ASTANA – Twenty foreign and five Kazakh participants representing leaders of world and traditional religions and international organisations dealing with issues in the field will get together in the Kazakh capital May 18 for the 16th session of the Secretariat of the Congress of Leaders of World and Traditional Religions.
The Astana Times interviewed International Centre of Cultures and Religions head Aidar Abuov to learn about the meeting’s agenda and the centre’s activities.
“Promoting the dialogue of civilisations and religions is not an abstract mission, but an urgent need to improve the international situation that has entered a period of instability. The Congress of Leaders of World and Traditional Religions is widely acknowledged by the world community as an effective dialogue platform,” he said.
A number of organisational and conceptual issues related to the sixth congress, scheduled for 2018, including the agenda of the third meeting of the Council of Religious Leaders and the date and place for the congress and 17th secretariat meetings, will be discussed as part of the session. Nominees for the Astana International Award for contribution in the interreligious dialogue and the congress’ Medal of Honour will also be considered.
“Ethnic harmony and multi-vector foreign policy have contributed to the country’s stability and development over the years of independence. Our country is recognised by the entire world community for its consistent and balanced strategy. I would like to emphasise that today Kazakhstan’s foreign policy positively affects the country’s image in the global arena,” he said.
The International Centre of Cultures and Religions, established at President Nursultan Nazarbayev’s initiative, was announced at the second congress in 2006. The head of state set a task for the centre to become an intellectual laboratory for peace, harmony and justice and to consider and advance proposals to the global agenda. The centre is designated as a working structure under the auspices of the congress to expand dialogue among representatives of different cultures and religions and involve individuals from secular and religious media, youth and women’s associations and academic and creative communities.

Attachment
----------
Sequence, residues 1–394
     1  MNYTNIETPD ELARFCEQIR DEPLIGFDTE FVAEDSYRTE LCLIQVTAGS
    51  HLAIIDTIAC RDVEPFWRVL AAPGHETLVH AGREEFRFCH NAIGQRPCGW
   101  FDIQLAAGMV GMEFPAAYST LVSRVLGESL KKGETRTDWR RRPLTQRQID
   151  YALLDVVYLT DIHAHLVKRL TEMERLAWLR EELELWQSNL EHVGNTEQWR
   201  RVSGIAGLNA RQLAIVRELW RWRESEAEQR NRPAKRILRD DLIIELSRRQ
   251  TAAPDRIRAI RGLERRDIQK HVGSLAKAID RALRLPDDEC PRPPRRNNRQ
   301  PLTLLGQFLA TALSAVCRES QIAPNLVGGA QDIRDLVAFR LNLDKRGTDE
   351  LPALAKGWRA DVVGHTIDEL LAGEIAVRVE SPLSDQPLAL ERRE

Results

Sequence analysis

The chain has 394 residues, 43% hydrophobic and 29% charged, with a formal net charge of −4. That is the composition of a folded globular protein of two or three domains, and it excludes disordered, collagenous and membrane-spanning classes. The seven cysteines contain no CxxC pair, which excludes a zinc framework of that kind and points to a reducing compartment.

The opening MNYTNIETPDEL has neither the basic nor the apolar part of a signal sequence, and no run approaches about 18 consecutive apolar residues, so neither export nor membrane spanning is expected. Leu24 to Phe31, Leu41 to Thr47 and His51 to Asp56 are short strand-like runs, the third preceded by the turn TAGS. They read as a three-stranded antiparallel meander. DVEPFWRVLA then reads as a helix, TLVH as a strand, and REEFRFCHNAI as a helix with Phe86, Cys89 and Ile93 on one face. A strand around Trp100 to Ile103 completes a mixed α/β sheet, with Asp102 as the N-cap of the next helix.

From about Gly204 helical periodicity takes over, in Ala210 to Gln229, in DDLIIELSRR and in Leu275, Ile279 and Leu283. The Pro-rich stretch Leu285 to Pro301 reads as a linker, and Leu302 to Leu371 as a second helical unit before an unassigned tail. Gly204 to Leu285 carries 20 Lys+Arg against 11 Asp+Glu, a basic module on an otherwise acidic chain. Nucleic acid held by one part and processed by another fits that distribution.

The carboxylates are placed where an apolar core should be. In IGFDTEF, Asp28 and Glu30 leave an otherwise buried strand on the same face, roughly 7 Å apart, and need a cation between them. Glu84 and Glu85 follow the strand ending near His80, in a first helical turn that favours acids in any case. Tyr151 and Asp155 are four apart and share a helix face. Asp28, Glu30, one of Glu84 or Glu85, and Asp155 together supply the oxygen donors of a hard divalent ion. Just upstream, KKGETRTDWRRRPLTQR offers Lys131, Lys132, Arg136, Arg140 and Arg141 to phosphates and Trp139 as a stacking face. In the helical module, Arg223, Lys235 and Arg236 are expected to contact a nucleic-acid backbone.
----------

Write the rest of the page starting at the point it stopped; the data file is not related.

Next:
“The provisions in the recent presidential policy article ‘Course towards the future: modernisation of Kazakhstan’s identity’ do not only cover the political, economic and strategic layers of our society, but also spiritual ones. The policy is aimed at determining the vector of development of our country. The head of state outlined the key areas of modernisation of Kazakhstan’s identity,” said Abuov.
The centre’s activities will continue to be aimed at promoting the unique Kazakh experience of strengthening interfaith harmony and interreligious dialogue at the international level and facilitating similar effective interaction among international organisations, national bodies and societal institutions, he added.
The Museum of Peace and Harmony, with the mission to carry out scholarly research and promote dialogue between cultures and religions, recently opened in the city, located in the eponymous Palace of Peace and Harmony, Astana’s famous “Pyramid”. The congress secretariat developed its concept, which is to collect materials, artefacts and documents aimed at popularising the Congress of Leaders of World and Traditional Religions, its historical role and achievement.
“The museum is a multi-disciplinary institution, whose activities include scholarly research, cultural and educational, exposition-exhibition, information-educational and excursion directions. The museum’s experts also conduct research in the field of dialogue between cultures and religions,” said Abuov.